, Nicola Sturgeon ‘misled’ Scottish Parliament over Donald Trump money laundering probe, court told, Nzuchi Times

Nicola Sturgeon ‘misled’ Scottish Parliament over Donald Trump money laundering probe, court told

, Nicola Sturgeon ‘misled’ Scottish Parliament over Donald Trump money laundering probe, court told, Nzuchi Times

Donald Trump – Ian MacNicol/Getty Images

Nicola Sturgeon “misled” the Scottish Parliament when she said her Government couldn’t launch a money laundering probe against Donald Trump, a court has heard.

The Court of Session heard how the SNP administration was asked last year to investigate how the Trump Organisation managed to pay for golf course developments in Scotland.

Advocate Aidan O’Neill QC, who represents international human rights group Avaaz, told judge Lord Sandison on Wednesday that Ms Sturgeon didn’t understand the law on a form of investigation called unexplained wealth orders, which is what her Government was told it could use to investigate Mr Trump’s finances.

The hearing concerns how Mr Trump obtained the funding for the Menie golf course in Aberdeenshire and the Turnberry resort in Ayrshire.

But Ms Sturgeon told the Scottish Parliament that the Government couldn’t launch such a probe and that the responsibility for the investigation lay with the Crown Office’s Civil Recovery Unit.

, Nicola Sturgeon ‘misled’ Scottish Parliament over Donald Trump money laundering probe, court told, Nzuchi Times, Nicola Sturgeon ‘misled’ Scottish Parliament over Donald Trump money laundering probe, court told, Nzuchi Times

Trump golf course – Jeff J Mitchell/Getty Images

However, Mr O’Neill told the court that Ms Sturgeon said that the Civil Recovery Unit was politically independent from the Scottish Government, but her Government’s position later changed.

He said the then Justice Secretary Humza Yousaf later announced that the law allowed for the Scottish Government to launch an unexplained wealth order investigation.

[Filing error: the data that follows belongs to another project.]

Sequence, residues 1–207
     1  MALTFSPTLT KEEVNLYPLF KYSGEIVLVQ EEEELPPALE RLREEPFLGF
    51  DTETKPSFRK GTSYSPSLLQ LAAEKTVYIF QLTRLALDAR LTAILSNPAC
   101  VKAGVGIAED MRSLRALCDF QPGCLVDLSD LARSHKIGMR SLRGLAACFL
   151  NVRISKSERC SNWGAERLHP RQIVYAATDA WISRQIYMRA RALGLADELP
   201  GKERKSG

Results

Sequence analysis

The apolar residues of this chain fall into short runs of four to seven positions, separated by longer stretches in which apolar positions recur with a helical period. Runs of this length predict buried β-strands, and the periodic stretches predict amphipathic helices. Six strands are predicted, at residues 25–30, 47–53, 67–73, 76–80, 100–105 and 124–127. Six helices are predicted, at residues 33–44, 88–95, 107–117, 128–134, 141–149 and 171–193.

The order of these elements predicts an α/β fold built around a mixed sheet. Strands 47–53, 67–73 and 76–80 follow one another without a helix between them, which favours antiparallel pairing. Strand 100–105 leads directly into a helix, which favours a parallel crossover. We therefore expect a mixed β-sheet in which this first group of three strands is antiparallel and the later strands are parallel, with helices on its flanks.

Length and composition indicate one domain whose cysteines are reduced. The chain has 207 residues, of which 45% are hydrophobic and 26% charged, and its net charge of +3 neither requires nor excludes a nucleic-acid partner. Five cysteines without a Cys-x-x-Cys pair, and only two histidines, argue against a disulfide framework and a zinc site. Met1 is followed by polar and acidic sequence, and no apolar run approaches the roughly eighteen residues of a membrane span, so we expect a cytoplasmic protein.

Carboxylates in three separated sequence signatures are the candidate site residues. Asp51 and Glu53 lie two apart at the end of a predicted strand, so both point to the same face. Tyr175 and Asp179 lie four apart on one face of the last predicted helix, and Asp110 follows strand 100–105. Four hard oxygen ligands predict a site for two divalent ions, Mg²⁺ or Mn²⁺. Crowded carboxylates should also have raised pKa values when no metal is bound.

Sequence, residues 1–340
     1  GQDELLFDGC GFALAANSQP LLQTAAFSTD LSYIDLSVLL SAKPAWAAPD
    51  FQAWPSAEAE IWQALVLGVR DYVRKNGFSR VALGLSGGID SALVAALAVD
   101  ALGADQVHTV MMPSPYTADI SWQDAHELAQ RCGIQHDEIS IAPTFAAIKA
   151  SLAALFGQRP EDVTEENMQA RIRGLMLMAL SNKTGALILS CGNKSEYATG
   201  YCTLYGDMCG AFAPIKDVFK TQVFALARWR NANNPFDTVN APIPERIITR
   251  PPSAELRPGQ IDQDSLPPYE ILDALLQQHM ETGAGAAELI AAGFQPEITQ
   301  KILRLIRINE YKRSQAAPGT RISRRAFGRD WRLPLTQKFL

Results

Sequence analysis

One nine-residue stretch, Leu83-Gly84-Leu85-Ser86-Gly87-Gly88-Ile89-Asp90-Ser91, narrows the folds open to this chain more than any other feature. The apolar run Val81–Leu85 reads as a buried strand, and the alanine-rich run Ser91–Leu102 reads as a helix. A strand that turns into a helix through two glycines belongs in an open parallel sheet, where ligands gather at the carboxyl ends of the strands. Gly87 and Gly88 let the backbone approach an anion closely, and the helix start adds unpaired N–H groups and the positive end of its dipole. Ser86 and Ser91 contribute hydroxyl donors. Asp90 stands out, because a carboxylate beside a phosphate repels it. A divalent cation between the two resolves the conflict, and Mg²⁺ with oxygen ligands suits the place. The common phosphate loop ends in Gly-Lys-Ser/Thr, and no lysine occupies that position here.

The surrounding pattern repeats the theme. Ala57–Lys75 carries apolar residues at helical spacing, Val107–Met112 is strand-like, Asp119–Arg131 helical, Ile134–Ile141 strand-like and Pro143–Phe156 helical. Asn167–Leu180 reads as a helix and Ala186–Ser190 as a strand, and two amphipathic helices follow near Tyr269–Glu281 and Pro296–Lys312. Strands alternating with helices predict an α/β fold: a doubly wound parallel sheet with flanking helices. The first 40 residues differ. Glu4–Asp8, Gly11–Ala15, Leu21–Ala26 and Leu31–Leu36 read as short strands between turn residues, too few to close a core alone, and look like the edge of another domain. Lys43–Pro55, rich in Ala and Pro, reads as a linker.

Mr O’Neill told the court that Mr Yousaf was correct – that the law allowed for the Scottish ministers to launch such a probe.

He added that Ms Sturgeon failed to understand the law and branded it as “worrying” that she didn’t have a proper understanding of the legislation.

Mr O’Neill, who is asking for permission from the court for a judicial review, which he hopes will overturn the Scottish Government’s refusal to launch an unexplained wealth order against Mr Trump, added: “Strangely, the First Minister didn’t understand the law and misled Parliament on that point.

“That’s actually significant and worrying for if they have misunderstood the law once and they are in error there’s every likelihood – unless they get proper guidance from the court – that they could do so again.”

The Scottish Green Party first called for an “unexplained wealth order” in February amid questions about how Mr Trump had managed to finance the purchases of the courses at Turnberry in 2014 and at Menie In 2006.

, Nicola Sturgeon ‘misled’ Scottish Parliament over Donald Trump money laundering probe, court told, Nzuchi Times, Nicola Sturgeon ‘misled’ Scottish Parliament over Donald Trump money laundering probe, court told, Nzuchi Times

Nicola Sturgeon – Jeff J Mitchell/PA Wire/Jeff J Mitchell/PA Wire

The UK Government introduced the orders in 2018 to help investigations into money laundering and other criminal financial activity.

Patrick Harvie, the Greens co-leader, has said Mr Trump’s unusual pattern of spending and the ongoing civil and criminal cases in the US provided Scottish authorities with the grounds to investigate the businessman.

Mr Trump’s son Eric said the claims had “no basis in fact”.

However, Ruth Crawford QC, acting for the Scottish Government, said because Mr O’Neill’s clients hadn’t acted within three months of the Scottish Government’s refusal – as the law surrounding judicial reviews requires – the matter shouldn’t proceed.

Ms Crawford also said that Mr O’Neill had misunderstood the law surrounding unexplained wealth orders and that the Scottish Government had acted lawfully.

Urging Lord Sandison not to grant Mr O’Neill’s client permission to have a judicial review, Ms Crawford added: “Such an issue is not justiciable. It has no real prospect of success.”

Lord Sandison said he needed time to consider his decision.

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